Qantas Completes Historic Non-Stop London-Sydney Flight

A brand new Qantas Boeing 787-9 Dreamliner has just touched down in Sydney after completing the second Project Sunrise research flight from London. It has been a long time between drinks for Qantas. The last time they flew nonstop between London and Sydney was in 1989 when the airline brought their first 747-400 to Australia.

The second Project Sunrise research flight has just touched down in Sydney. Photo: Qantas News Room.

Thirty years later, it is a different era. But ultra long haul flights like London to Sydney remain a tricky proposition. Today’s research flight hopes to help overcome that.

From seven months to less than a day

QF7879, operated by VH-ZNJ, is only the second time this nonstop flight has been attempted. It is a marathon 17,000 kilometre trek that has taken over nineteen hours to complete. Sounds like a long trip? In 1788, it took the British seven months to sail between London and Sydney’s Botany Bay (ironically, where Sydney Airport sits).

Qantas notes that it is also almost 100 years to the day since the first flight between the United Kingdom and Australia. On November 12, 1919, a plane took off from Hounslow Heath (near today’s Heathrow Airport) and staggered into Darwin 28 days later. In another of life’s small ironies, VH-ZNJ went over the top of Darwin this morning.

Qantas CEO, Alan Joyce, in London earlier this week with some of the crew of today’s flight. Photo: Qantas News Room.

It wasn’t until 1947 that Qantas first ran scheduled services between Australia and the United Kingdom. Those flights took five days and involved six stops, a considerable improvement on 28 days and a huge leap forward from seven months in a leaky boat.

Now Qantas is looking at doing the distance in under a day without stopping. When you look at how the tyranny of distance has been reduced so much within such a short time frame, it is kind of remarkable.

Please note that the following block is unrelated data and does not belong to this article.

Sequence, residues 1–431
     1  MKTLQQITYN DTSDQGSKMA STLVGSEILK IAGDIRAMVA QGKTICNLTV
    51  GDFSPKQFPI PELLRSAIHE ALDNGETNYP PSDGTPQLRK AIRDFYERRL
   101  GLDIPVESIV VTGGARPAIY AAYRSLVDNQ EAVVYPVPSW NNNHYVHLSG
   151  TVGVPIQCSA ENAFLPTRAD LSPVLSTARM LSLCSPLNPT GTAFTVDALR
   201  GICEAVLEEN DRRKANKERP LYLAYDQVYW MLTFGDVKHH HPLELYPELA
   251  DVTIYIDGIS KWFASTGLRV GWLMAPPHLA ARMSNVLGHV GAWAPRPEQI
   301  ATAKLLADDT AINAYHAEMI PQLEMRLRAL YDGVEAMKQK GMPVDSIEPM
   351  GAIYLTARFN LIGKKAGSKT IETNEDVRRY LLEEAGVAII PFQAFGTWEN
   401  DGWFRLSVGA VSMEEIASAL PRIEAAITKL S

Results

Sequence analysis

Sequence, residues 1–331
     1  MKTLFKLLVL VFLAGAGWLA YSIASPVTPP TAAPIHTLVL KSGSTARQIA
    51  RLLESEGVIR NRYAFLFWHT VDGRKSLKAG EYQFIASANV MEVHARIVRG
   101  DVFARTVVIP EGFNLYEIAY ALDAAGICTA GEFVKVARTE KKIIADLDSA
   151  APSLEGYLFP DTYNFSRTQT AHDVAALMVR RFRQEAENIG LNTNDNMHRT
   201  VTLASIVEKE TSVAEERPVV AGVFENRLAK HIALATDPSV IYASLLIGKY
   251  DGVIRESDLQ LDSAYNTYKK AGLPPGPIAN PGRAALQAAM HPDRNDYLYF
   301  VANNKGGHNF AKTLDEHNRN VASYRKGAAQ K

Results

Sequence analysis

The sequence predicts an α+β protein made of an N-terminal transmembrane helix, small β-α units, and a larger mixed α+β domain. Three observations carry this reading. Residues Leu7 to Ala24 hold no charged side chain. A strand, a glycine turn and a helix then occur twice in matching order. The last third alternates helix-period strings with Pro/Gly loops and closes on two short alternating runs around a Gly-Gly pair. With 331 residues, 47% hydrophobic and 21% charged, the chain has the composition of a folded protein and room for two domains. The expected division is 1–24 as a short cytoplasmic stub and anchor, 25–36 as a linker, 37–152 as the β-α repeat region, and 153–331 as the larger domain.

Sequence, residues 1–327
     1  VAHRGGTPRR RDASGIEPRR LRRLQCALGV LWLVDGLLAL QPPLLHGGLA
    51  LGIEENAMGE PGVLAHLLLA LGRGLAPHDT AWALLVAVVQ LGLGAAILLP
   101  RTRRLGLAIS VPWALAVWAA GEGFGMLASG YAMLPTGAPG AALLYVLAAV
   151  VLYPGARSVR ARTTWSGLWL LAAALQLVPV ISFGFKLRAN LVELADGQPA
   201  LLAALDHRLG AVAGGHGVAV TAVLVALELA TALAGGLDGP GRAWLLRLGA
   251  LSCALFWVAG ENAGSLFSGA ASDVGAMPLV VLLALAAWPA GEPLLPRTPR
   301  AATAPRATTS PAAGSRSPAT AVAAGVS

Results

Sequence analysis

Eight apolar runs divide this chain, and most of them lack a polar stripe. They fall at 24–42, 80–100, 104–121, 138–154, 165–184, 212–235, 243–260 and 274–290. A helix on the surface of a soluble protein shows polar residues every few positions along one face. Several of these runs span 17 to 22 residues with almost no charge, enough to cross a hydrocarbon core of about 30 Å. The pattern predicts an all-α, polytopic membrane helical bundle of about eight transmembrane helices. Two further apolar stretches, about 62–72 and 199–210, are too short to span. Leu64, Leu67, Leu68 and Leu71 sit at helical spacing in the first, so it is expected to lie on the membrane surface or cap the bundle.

Today’s research flight

Today’s flight set off from London yesterday morning, Thursday, November 14, 2019. It tracked out over Germany, Poland, Kazakhstan, down through China, skirting down just west of the Philippines before flying over the Northern Territory this morning. It has cruised at 957 kilometres per hour at 12,510 metres. Onboard the flight are 50 passengers, human guinea pigs in this Project Sunrise research flight.

Source: FlightAware

The point of these research flights, as has been extensively reported in Simple Flying, is to try to establish ways to mitigate the worst effects of ultra long haul flying on passengers and crew. This is involving experimenting with rest times and cycles, what gets eaten onboard, exercising, and cabin reconfiguration.

The first Project Sunrise flight was criticised as a faux scientific publicity stunt. Flying fifty passengers in business class halfway around the world did not reflect the realities of ultra long haul flying in a crowded economy class cabin. It’s going to be interesting to see where the passengers on today’s flight were seated and whether the inflight experience simulated conditions most passengers will have to endure.

Simple Flying will keep you updated on feedback and reactions from passengers on QF7879 as they come through the airport. Right now, all we can say is that the plane is safely on the ground on a warm and hazy Spring day in Sydney.